It was a moment that almost slipped by, unnoticed by all but one eyewitness.

With the click of his camera shutter — a twin lens reflex Rolleiflex being his tool of choice at the time — an 18-year-old Jerry Muller caught the image of two well-dressed men gazing after a young woman as she walked down a New York sidewalk in 1951.

"Those two guys looking at this girl — that's the decisive moment," said Muller, 77, of Costa Mesa, citing a style of photography coined byHenri Cartier-Bresson, while studying the 24-by-25-inch black-and-white image.

"What makes all famous photos is the decisive moment," Muller continued. "Those are the ones that live on."

The image, aptly dubbed "Times Square" after the location of that gone-in-a-flash-moment, is one of Muller's most iconic photos in a portfolio that spans five decades.

Select works from that portfolio are on display through the end of the month at Anne's Boutique Wines on East 17th Street in Costa Mesa. An artist reception with Muller will be from 4 to 6 p.m. Saturday at the shop, with a wine tasting to follow.

"His work is so professional and so clean," store owner Anne Nutten said. "You come in and immediately you see how it stands out on the walls. It complements the whole shop."

Nutten, a former artist of blown-glass vases, opens the walls of her 1,800-square-foot wine store to a new local artist each month.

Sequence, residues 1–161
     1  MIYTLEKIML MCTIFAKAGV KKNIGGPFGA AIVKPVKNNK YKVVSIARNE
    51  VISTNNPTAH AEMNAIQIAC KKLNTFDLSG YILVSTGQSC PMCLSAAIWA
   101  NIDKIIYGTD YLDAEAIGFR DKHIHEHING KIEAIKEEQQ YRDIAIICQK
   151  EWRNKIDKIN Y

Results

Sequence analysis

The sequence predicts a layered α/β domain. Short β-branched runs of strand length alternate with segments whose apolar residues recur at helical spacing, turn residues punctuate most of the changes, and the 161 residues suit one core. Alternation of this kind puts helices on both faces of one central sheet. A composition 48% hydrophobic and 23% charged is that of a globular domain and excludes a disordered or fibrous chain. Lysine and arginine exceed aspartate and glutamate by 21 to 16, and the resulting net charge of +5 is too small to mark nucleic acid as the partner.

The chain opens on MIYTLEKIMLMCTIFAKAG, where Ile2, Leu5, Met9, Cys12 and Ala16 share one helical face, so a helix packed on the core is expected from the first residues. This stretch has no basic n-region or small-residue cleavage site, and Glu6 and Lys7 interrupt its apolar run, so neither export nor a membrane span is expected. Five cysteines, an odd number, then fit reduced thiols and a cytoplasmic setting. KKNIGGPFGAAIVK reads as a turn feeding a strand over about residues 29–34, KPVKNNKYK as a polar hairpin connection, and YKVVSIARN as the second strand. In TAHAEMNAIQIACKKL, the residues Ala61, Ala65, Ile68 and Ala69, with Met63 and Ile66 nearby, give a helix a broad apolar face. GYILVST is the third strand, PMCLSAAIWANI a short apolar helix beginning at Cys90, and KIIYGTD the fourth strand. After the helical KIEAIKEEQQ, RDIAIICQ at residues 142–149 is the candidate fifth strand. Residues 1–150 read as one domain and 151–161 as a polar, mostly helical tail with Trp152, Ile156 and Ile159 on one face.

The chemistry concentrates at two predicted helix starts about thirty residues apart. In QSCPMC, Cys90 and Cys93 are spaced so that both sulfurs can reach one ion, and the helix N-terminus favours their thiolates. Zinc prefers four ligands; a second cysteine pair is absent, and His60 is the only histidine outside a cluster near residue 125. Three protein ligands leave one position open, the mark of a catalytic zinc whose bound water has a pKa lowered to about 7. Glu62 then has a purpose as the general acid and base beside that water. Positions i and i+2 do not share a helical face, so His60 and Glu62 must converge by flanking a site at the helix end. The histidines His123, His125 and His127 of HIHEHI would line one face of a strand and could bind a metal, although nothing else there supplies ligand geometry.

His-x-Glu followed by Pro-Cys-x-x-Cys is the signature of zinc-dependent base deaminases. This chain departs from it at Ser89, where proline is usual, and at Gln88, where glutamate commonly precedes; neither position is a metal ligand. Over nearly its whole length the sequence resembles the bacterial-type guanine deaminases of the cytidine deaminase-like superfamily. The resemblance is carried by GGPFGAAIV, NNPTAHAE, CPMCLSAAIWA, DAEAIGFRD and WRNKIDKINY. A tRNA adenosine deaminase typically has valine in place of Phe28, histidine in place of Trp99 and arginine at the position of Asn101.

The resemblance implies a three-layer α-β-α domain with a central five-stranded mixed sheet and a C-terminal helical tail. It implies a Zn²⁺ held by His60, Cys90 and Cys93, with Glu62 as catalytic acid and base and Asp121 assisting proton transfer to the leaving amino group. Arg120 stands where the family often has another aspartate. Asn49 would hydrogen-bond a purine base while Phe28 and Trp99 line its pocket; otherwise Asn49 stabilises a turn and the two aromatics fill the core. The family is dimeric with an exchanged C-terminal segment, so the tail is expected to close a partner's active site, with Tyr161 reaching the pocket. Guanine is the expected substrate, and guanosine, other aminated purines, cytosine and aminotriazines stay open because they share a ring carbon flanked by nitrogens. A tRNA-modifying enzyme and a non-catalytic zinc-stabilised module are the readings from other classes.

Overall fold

The result being a mutually beneficial, reciprocal relationship, she said.

"Jerry has friends who will come to the opening that may enjoy wine, but may have never heard of us," Nutten said. "And our clients, who have an interest in art, will be exposed to Jerry's photos."

"I also just like having all the art around," Nutten added with a laugh.

Nutten purchased the wine store, which was formerly part of the Wine Styles franchise, about three years ago.

Since then, she has poured her creative energy and passion for wine into turning the store around.

She added more inventory — the store sells about 250 different wines — and focused on building relationships within the community.

Events, such as wine tastings, are held throughout the month in the shop's tasting room.

While Nutten doesn't create blown-glass vases anymore, running the boutique wine shop is another form of satisfaction, she said.

"Art is a three-dimensional form," Nutten said. "I consider this shop a piece of art work. I try to pull it together the way I would a piece of art."

sarah.peters@latimes.com

Twitter: @speters01